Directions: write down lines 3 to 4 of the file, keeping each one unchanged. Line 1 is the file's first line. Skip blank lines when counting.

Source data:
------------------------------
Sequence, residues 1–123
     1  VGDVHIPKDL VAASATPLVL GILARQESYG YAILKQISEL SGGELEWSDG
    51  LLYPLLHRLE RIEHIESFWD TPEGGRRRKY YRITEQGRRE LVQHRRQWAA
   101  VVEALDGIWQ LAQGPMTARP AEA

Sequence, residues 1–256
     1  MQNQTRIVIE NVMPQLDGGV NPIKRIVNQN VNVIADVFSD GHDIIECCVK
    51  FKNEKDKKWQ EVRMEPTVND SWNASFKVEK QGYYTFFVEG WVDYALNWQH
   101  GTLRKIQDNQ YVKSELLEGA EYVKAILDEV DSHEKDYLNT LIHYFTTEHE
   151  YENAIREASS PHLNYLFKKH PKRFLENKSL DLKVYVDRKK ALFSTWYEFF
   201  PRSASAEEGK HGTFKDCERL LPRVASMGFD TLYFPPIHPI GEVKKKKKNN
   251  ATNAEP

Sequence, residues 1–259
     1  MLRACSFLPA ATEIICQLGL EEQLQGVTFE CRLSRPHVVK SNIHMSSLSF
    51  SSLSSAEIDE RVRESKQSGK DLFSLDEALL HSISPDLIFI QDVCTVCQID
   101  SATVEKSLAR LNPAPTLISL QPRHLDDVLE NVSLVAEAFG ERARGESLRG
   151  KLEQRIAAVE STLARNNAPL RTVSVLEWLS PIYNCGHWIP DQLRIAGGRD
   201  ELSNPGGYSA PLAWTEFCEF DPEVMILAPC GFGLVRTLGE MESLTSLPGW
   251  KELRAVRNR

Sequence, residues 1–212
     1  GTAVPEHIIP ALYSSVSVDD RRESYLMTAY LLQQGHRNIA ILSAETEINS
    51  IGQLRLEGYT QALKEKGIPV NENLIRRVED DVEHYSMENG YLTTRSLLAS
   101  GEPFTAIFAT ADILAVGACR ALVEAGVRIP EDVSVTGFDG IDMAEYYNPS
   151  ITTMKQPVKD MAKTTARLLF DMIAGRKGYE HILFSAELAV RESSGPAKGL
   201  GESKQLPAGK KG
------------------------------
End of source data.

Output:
    51  LLYPLLHRLE RIEHIESFWD TPEGGRRRKY YRITEQGRRE LVQHRRQWAA
   101  VVEALDGIWQ LAQGPMTARP AEA